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Fixed fees nine times more popular than percentage charges


Fixed fees are nine times more attractive than percentage-based adviser charging, a new survey suggests.

3,000 UK workers were polled in a study commissioned by advice and insurance firm Drewberry.

Half said they would prefer to pay for “standard” pieces of advice, for example setting up a pension, with fixed fees.

This was twice as popular as the next highest option: returning to traditional commission. Hourly advice fees were the favourite choice among 21 per cent of respondents.

Only 6 per cent said they favoured percentage-based agreements, despite most advisers still charging on this basis.

Drewberry director Tom Conner says: “This shows that we still have some way to go as an industry to get the idea of fee-based advice across to the man in the street.

“Our results suggest that, by and large, Britons tend to lean toward the options that are easiest to understand. Just over half of Britons like the idea of ‘set fees’ for ‘standard’ pieces of work, for example, but many advisers have struggled to price their services in this way as there’s no such thing as a ‘standard’ client which makes fee calculation more complex.

“This also explains why, almost five years on from the introduction of fee-based advice, nearly a quarter of Britons say they would still be willing to pay traditional commission. To many, it’s still an easy to understand, painless, option. Despite its shameful track record, concerns as to commission bias haven’t really penetrated the zeitgeist.”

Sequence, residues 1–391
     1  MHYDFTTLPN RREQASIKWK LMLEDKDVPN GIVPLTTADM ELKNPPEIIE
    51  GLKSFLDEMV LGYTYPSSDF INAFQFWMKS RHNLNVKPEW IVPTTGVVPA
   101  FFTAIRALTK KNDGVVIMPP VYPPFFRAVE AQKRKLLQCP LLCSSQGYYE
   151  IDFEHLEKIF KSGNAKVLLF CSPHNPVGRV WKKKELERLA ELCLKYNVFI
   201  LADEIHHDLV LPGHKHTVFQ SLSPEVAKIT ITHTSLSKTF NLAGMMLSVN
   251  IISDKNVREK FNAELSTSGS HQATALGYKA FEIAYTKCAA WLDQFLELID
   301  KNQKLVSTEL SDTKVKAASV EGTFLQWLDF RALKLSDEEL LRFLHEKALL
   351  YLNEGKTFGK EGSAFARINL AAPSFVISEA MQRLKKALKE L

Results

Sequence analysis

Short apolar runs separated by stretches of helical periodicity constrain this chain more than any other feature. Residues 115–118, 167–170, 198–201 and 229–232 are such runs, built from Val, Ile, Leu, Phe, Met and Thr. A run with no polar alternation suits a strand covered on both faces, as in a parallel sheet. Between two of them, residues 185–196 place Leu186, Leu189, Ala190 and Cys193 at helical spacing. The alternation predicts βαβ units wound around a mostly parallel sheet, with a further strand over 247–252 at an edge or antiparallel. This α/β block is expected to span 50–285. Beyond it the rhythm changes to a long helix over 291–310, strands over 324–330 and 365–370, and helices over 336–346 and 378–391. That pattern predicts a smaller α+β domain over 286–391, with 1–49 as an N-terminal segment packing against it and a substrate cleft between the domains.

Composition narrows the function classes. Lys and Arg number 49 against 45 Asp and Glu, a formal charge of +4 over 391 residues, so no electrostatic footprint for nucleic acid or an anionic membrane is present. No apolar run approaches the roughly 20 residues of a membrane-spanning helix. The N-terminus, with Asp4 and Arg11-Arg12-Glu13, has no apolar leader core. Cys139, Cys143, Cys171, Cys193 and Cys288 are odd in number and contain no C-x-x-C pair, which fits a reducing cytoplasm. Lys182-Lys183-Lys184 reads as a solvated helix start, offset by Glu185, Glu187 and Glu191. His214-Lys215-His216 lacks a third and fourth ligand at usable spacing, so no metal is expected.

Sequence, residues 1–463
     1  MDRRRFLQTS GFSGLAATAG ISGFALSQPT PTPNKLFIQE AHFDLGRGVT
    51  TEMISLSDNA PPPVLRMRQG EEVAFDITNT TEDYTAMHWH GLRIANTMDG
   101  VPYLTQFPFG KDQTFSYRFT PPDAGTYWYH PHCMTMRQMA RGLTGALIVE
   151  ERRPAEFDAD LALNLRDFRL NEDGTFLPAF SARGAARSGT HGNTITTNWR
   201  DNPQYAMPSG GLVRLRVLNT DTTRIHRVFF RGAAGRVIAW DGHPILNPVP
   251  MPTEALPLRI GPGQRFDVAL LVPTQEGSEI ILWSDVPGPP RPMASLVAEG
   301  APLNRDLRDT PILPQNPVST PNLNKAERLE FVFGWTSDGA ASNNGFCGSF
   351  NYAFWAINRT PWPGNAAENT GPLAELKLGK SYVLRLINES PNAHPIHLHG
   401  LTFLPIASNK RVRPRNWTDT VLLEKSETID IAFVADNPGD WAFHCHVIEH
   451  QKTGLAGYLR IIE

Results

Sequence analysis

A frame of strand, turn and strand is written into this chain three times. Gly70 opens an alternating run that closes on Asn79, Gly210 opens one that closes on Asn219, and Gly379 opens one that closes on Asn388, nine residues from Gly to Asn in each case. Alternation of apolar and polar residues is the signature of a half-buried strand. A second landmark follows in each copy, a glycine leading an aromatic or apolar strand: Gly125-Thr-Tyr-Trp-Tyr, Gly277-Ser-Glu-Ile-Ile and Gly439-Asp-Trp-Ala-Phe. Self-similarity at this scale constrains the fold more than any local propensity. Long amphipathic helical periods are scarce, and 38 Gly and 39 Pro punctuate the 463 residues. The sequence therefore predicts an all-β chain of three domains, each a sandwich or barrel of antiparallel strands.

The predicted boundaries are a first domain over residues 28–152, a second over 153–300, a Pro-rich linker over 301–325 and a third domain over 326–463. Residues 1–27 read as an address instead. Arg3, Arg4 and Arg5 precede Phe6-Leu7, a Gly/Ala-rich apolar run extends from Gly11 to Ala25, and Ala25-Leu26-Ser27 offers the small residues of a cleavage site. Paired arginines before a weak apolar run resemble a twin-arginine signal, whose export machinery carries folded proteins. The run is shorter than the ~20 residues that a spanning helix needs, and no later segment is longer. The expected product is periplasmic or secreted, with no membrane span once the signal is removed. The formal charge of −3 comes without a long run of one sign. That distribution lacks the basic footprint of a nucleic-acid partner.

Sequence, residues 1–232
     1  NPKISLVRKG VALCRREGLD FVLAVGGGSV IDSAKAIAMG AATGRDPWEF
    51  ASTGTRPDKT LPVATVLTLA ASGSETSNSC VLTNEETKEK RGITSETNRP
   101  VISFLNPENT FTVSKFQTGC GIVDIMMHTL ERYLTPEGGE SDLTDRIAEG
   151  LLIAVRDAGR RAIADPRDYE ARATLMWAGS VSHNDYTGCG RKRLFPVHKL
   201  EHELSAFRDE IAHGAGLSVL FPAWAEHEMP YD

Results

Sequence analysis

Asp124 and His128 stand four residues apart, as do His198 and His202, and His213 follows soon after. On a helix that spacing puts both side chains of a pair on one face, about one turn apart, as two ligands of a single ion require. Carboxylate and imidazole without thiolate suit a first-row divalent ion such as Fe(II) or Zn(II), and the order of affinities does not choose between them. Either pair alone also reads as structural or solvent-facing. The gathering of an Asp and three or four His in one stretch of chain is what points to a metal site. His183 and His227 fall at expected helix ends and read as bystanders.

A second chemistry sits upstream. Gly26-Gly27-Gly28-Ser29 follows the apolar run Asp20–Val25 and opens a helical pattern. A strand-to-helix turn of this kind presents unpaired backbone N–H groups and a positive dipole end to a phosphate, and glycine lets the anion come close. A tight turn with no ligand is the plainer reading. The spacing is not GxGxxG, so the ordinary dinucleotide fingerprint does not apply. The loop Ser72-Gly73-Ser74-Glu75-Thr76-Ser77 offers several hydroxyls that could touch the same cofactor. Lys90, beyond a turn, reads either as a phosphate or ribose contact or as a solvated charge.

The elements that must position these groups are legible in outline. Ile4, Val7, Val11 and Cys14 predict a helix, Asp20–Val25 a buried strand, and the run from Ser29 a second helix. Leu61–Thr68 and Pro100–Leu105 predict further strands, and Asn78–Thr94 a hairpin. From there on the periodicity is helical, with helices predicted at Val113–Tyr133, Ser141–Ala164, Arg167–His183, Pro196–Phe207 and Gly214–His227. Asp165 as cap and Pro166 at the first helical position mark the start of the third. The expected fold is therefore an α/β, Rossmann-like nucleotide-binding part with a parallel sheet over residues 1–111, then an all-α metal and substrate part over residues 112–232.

In a data bulletin in October last year, the FCA said that 48 per cent of advisers used percentage fees to cover initial charges, compared to 22 per cent for fixed fees, 20 per cent for hourly charges and 10 per cent for combined structures.



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There are 2 comments at the moment, we would love to hear your opinion too.

  1. Unless you are starting a business from scratch, or cutting away a number of clients, running an exclusively fixed fee model will prove to be better for some clients, and worse for others.

    If you assume that businesses cannot afford to reduce their revenue, with increasing regulatory costs and the need for highly qualified advisers, the likely outcome is that the clients with larger funds will pay reduced fees, those with smaller portfolios may see a large increase, which they are not prepared to pay. The result is that even more consumers have no access to affordable advice.

    I have seen many firms with the fixed fee structure, it is a good model for those that can afford it, but cannot be a one size fits all solution. Personally, I am a Chartered Financial Planner and qualified DFM, my clients have no problem with my earnings increasing in line with their wealth, and sharing the pain in difficult markets.Not perfect, but we all know where we stand.

  2. So what, would be my question. I work on percentages (with overall minimum). All clients are happy with this model for last 28 years. If any new potential client wants me to work for them either takes it or leaves it. Whatever works profitably for the adviser is the only important thing on my view. If it doesn’t work for the adviser he/she won’t survive. Would be interested to see what the reaction would be if the set fee was £2000.

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